Down then to the pier and we were tempted by the fish dishes on offer at L’Escale but had a date in Rosscarbery and, after a walk on the path alongside the harbour in Schull, we headed for Pilgrim’s in Ross. Hadn't been there before, but is is easy to find as it is right smack bang in the centre of the village.

Ahakista's Air India memorial
 We were pleasantly surprised by the very high standard of the food here, a standard that many high class restaurants would find hard to match. We thoroughly enjoyed our few hours in Pilgrim’s before motoring back to the city.

Schull

Monday, September 8, 2014

Seaweed Featured in Multi-course Taste of West Cork

Seaweed Featured in Multi-course Taste of West Cork
Inchydoney Chef and team in top form


 Meet Jim and Maria Kennedy from the Intertidal Zone. “We spend most of our time there,” said Jim as they introduced us to the Magic of Seaweed at the start of the third annual A Taste of West Cork meal in the Inchydoney Island last Friday.


Jim and Maria had quite a few samples of the various seaweeds available (to taste, to touch) and spoke in detail of their different properties. “Seaweed is a super food….from a garden that doesn’t need to be weeded… dulse and carrigeen have traditionally been used in the Irish kitchen...Seaweed is also an amazing detox ingredient….makes a nourishing top dressing for your garden plants.”  And so much more.



West Cork garlic, organic Rosscarbery leeks, Clonakilty potato, and hand foraged Sea Vegetable Soup,
with a seaweed scone, tomato jam and roasted garlic cream cheese.
Jim advised to “look at the Spring tides when the better seaweeds are exposed”. “But,” he added, “If doing it yourself, be careful.” Read more about seaweed here.

Jim and Maria, who run Atlantic Sea Kayaking, are from Skibbereen but you could come across them almost anywhere, from the Liffey to Mexico, from Spain to Japan.

Rabbit and Harrington's black pudding, Shannonvale Chicken lollipop.
Friday evening though was firmly rooted in West Cork and Inchydoney Head Chef Adam Metcalf had the major task of blending all the marvelous products of the area, from its bountiful and beautiful land and sea, into a multi course meal as the week long festival, also named A Taste of West Cork, got underway. Surprisingly, there were no local beers, ciders or spirits included. Maybe next year?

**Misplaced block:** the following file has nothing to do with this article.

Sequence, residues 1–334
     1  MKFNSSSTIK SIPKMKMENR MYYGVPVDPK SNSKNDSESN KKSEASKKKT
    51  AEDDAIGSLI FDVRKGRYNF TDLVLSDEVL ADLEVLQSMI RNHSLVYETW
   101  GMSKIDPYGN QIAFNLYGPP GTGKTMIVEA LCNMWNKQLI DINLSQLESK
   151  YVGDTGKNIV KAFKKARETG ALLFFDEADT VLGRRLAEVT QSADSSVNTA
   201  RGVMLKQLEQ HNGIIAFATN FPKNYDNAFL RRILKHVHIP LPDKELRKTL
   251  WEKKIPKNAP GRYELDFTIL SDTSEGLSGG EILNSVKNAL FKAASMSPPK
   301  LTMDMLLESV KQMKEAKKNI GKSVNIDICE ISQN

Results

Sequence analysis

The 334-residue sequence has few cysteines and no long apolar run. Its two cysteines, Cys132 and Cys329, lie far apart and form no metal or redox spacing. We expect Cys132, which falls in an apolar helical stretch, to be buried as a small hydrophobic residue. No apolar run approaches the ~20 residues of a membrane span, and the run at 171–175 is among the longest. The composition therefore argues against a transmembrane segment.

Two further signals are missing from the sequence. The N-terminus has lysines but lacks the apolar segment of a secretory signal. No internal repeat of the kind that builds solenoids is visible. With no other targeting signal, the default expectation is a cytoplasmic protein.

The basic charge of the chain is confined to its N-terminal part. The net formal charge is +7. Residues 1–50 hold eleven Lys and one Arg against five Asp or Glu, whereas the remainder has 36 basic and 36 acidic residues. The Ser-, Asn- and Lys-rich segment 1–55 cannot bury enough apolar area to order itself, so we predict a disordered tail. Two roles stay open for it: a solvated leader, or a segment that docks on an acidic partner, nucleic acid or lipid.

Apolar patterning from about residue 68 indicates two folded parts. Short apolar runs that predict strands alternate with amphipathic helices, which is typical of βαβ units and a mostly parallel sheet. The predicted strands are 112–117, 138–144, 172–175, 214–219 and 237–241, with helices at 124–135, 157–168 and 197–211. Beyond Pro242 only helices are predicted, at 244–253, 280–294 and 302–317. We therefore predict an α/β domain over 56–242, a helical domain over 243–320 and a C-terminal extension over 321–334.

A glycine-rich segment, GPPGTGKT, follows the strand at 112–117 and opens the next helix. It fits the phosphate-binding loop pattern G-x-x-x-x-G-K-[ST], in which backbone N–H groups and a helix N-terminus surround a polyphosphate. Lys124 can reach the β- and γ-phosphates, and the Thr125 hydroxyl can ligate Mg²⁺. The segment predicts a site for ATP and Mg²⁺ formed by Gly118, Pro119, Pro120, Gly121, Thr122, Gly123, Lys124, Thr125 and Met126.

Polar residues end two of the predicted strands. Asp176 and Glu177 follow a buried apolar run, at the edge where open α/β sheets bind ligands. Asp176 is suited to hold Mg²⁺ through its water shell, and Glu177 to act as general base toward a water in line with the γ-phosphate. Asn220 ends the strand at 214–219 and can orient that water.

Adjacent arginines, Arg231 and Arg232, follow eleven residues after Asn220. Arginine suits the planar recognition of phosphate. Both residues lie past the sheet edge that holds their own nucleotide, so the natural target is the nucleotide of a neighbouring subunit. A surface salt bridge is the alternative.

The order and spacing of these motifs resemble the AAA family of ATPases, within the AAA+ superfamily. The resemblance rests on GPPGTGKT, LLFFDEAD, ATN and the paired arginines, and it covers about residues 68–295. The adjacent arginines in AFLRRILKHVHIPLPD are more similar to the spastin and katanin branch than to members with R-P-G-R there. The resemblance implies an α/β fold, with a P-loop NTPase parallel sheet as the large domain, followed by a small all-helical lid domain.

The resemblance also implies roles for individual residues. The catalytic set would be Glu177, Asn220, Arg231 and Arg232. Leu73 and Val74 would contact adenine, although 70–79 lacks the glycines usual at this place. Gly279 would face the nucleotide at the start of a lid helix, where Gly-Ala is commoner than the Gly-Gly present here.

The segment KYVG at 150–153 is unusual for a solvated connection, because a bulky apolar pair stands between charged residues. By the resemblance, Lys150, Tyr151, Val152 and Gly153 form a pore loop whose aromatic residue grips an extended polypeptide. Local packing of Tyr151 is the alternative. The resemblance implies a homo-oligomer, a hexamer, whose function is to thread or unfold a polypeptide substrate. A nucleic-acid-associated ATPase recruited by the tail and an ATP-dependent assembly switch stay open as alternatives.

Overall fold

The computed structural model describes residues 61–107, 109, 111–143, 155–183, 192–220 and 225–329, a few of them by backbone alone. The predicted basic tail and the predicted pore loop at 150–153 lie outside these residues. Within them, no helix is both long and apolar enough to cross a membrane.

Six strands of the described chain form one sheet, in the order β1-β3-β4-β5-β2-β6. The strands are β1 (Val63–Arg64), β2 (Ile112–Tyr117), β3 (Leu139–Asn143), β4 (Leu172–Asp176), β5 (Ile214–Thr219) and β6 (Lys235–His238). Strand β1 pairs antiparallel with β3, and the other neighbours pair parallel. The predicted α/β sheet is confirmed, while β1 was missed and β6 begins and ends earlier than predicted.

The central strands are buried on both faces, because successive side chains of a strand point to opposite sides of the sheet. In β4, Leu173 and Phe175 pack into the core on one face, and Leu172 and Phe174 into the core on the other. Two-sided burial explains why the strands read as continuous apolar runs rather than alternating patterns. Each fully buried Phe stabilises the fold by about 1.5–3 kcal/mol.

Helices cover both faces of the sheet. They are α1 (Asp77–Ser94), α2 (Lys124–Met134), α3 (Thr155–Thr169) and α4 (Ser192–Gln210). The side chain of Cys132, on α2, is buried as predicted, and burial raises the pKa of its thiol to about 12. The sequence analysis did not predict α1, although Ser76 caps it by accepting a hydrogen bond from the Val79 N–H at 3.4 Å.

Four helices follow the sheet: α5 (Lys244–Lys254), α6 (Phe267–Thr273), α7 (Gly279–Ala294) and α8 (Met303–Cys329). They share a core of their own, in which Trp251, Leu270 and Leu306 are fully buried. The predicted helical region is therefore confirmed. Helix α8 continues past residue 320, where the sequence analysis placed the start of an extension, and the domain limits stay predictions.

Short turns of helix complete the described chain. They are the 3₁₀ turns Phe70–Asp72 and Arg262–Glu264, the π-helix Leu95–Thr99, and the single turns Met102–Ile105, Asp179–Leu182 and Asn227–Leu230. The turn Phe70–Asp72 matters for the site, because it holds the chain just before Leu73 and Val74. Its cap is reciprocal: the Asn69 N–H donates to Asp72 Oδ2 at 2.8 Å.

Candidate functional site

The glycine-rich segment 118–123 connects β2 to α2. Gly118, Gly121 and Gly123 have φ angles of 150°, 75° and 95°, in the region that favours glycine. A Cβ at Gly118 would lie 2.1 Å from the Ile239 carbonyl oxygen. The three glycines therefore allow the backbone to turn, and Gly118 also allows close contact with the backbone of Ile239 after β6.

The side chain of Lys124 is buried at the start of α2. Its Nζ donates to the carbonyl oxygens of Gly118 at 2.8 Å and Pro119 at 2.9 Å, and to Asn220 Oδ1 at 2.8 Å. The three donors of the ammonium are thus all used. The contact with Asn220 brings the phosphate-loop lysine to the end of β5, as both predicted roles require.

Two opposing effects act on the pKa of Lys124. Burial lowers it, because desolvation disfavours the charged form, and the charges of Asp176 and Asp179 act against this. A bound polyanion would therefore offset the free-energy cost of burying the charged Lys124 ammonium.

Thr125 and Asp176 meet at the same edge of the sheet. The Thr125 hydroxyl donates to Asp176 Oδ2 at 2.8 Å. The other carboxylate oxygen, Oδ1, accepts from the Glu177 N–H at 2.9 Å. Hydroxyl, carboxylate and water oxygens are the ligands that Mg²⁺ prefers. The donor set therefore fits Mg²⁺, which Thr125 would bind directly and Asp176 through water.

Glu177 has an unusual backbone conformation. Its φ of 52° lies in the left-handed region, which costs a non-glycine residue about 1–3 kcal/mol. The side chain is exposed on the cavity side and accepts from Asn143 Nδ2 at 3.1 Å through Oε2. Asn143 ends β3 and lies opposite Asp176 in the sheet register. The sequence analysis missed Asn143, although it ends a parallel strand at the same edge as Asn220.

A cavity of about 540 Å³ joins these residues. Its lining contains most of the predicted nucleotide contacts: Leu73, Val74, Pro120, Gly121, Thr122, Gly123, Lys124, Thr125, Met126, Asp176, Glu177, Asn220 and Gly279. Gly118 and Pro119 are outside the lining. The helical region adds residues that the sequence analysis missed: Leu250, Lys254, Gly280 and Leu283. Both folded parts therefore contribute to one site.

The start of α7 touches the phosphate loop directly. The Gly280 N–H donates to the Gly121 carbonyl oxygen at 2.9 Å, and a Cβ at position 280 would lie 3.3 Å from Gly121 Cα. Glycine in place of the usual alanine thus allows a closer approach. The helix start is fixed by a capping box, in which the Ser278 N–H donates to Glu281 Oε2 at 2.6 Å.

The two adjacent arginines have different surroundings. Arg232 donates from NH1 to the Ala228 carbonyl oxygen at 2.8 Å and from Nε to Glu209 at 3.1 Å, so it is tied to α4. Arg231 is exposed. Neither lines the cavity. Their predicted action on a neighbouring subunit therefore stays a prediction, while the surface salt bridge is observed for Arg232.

Adrian, the local representative of Findlaters, took us through the various wines that had been picked to accompany the meal. We were greeted with a glass of Segura Viudas Brut Reserva Heredad Cava and that went very well indeed with the Seaweed Sushi (including an amazing toasted Nori) that came with Ummera Smoked Salmon and also the Smoked Shannonvale chicken with Pickled Ginger and Sea Kale.

Castletownbere Monkfish, wrapped in Gubbeen cured ham
with Carrageen Moss and caramelised Shallot Potato Puree.
Some gorgeous breads on the table as we sat down including a Dulse Seaweed, Marsh Samphire and Atlantic Sea Salt Loaf. And Sea Lettuce featured in the Bantry Bay Lobster Course as did a spiced Bluefin Tuna.

Next up was a hand foraged Sea Vegetable soup with a seaweed scone! Rabbit was stuffed with local black pudding and also accompanied by a Shannonvale Chicken Lollipop.

Elderflower Parfait
All the while, the wines were being poured and the next course, the Castletownbere Monkfish (caught by the Fair Maiden), was accompanied by an intense Albarino. The fish was wrapped in that terrific Gubbeen Cured Ham and there was some discussion as to whether the salt of the ham did the fish any favours. Someone suggested that a pancetta wrap would have been better. Someone else said the fish didn’t need a wrap at all!

Then on to the sweet things, an Elderflower Parfait (foraged elderflower, Valley View egg and Clona Dairy Parfait) with a hand picked Wild Damson Compote and a Bushy Strawberry Sauce. Delightful.

The finale.
To finish, there was a choice of Barry’s Tea or Java Coffee with Inchydoney Recipe Chocolate flavoured with seaweed, some oak smoked Gubbeen cheese along with the hotel’s own Plum and Sultana Chutney on an impressive Patisserie Royale Cracker, handmade in nearby Lisavaird by Richard Graham Leigh.

That last course was accompanied by a glass of Graham’s Late Bottled Vintage Port. The earlier wines were Vicar’s Choice Marlborough Sauvignon Blanc (quite a favourite at our table), Pionero Mundi Albarino, and Penfolds Koonunga Hill Shiraz (70%) Cabernet.


Findlater's Albarino

So well done to the many West Cork producers chosen this year and a big congrats too to Chef Adam and his crew who did the hotel proud.  I spoke to one guest who has been at all three events. He reckoned the first was a bit over the top (quite large portions all the way through), the second was underwhelming (probably in reaction to year one), but “this time they got it right”!  And so say all of us.
See account of the full day in West Cork, including Distillery visit, here.